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The Mexican rice borer (MRB) has now been found near Lake Charles, LA.  This link will take you to an LSU AgCenter press release that provides the latest update: http://www.lsuagcenter.com/news_archive/2011/may/headline_news/Mexican-rice-borer-advances-in-La.htm

Fortunately, LSU AgCenter Professor Gene Reagan has conducted intensive research on this pest for the past ten years, and we are prepared with management options in hand and ready to use as needed.  He has provided an Agent training in Texas for a number of years.  Following is a link to a blog posting about the most recent site visit.  Within the blog you will find a link to the handout, which contains information on recent management recommendations:

https://louisianariceinsects.wordpress.com/2010/10/01/lsu-agcenter-mexican-rice-borer-site-visit-beaumont-tx/

It is important that you learn to identify this pest, and distinguish it from other borers that can be found in rice or cane. You can study up on the pest by downloading these two LSU AgCenter numbered pubs:

This publication includes images of SCB and MRB for comparison:

http://www.lsuagcenter.com/en/communications/publications/Publications+Catalog/Crops+and+Livestock/Rice/Rice+Pests+of+Louisiana.htm

This publication provides images of MRB:

http://www.lsuagcenter.com/en/communications/publications/Publications+Catalog/Crops+and+Livestock/Rice/Mexican+Rice+Borer+Identification+Card.htm

Following is a Louisiana Agriculture article that includes the latest information on MRB research that has been generated by Dr. Reagan’s lab:

http://www.lsuagcenter.com/en/communications/publications/agmag/Archive/2010/fall/Advanced-Management-Research-and-the-Mexican-Rice-Borer.htm

In sugarcane, there are a number of recommended management practices to prevent injury from MRB.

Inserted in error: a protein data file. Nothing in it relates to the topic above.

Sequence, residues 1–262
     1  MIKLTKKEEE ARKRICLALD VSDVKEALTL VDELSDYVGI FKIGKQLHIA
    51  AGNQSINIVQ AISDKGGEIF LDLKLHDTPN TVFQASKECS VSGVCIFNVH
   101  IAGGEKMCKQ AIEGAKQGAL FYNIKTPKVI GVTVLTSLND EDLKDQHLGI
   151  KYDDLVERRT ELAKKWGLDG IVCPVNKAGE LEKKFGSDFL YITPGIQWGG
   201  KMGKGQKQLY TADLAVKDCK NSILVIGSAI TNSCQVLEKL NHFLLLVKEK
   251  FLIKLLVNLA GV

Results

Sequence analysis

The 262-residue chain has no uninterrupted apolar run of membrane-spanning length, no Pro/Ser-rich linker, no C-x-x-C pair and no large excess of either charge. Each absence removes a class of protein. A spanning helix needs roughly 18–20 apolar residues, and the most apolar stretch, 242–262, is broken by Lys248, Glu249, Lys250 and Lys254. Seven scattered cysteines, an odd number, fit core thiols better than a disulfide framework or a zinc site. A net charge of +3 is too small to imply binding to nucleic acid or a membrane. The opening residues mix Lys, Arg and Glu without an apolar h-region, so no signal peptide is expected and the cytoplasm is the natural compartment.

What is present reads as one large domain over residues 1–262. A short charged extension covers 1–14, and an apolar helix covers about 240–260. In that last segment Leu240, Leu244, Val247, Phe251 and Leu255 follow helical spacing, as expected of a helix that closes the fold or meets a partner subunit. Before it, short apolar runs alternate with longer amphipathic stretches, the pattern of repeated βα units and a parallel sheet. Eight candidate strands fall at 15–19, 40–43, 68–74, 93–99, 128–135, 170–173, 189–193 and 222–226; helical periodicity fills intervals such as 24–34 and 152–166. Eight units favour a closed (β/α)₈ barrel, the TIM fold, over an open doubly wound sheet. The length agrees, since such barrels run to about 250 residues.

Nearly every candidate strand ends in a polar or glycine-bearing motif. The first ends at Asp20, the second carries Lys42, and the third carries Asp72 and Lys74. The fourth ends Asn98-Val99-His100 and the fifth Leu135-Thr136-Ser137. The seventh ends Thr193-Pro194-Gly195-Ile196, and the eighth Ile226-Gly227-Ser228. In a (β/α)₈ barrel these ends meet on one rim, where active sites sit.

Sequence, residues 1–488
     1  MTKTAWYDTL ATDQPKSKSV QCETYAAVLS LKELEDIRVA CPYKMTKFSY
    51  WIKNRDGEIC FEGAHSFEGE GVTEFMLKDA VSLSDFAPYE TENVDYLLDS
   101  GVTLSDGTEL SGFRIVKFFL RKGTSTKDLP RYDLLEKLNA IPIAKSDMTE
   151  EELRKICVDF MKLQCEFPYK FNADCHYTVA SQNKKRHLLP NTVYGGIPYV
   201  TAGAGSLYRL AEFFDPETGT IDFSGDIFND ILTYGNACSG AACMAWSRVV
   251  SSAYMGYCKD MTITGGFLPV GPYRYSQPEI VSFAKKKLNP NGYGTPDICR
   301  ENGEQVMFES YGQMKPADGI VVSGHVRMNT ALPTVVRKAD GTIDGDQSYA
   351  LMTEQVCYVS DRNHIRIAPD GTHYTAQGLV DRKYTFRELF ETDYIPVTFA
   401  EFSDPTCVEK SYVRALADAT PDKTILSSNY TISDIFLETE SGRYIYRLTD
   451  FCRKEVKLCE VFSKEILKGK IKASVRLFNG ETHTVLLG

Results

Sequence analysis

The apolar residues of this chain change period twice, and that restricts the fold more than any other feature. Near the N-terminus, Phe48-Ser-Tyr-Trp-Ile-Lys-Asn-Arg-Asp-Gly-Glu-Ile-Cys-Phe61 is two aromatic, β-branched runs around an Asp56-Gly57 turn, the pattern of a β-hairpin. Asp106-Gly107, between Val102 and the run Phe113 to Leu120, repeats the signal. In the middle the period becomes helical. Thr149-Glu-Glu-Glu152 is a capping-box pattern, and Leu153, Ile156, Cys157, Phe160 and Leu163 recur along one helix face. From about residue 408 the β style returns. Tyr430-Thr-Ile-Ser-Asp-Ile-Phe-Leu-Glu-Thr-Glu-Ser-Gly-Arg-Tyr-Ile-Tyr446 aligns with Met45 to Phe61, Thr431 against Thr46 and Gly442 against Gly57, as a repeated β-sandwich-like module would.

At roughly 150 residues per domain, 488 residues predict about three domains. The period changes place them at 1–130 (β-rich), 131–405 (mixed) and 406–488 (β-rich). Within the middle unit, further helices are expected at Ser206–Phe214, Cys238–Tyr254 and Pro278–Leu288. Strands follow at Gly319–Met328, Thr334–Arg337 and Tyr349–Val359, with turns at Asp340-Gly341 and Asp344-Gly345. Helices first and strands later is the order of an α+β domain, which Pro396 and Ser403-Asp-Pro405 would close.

In rice, the seed treatment Dermacor X-100 should provide control of this pest. Pyrethroids can also be used, but timing of application is critical. It is necessary to detect an infestation when larvae are still feeding in the sheath area. Once the larvae penetrate the stem, pyrethroid insecticides will not provide acceptable control because they are not able to come into contact with the larva.

If you find a larvae in rice or cane and suspect that it is MRB, please call me and we can arrange to pick up the sample.

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This week I’ll be traveling out to southwest Louisiana for a couple of meetings.  Tuesday night is the annual Louisiana rice council and Louisiana rice growers association meeting at the International Rice Festival Building (717 W. Mill St. in Crowley, La).  The evening will begin at 5 pm.  I am looking forward to catching up with everyone at the meeting.  Also hope to learn more about economics from the keynote speaker, Jim Wiesemeyer, VP, Informa Economics, Washington Bureau.

After the meeting I’ll head to Lake Charles for the Louisiana Agricultural Aviation Annual Convention.  This meeting begins today and will run through lunch on Wednesday.  It’s being held at L’auberge du lac Casino in Lake Charles.  Wednesday morning I’ll give a presentation about the rice water weevil demonstration.

I hope your week is starting off well – the weather certainly is beautiful!

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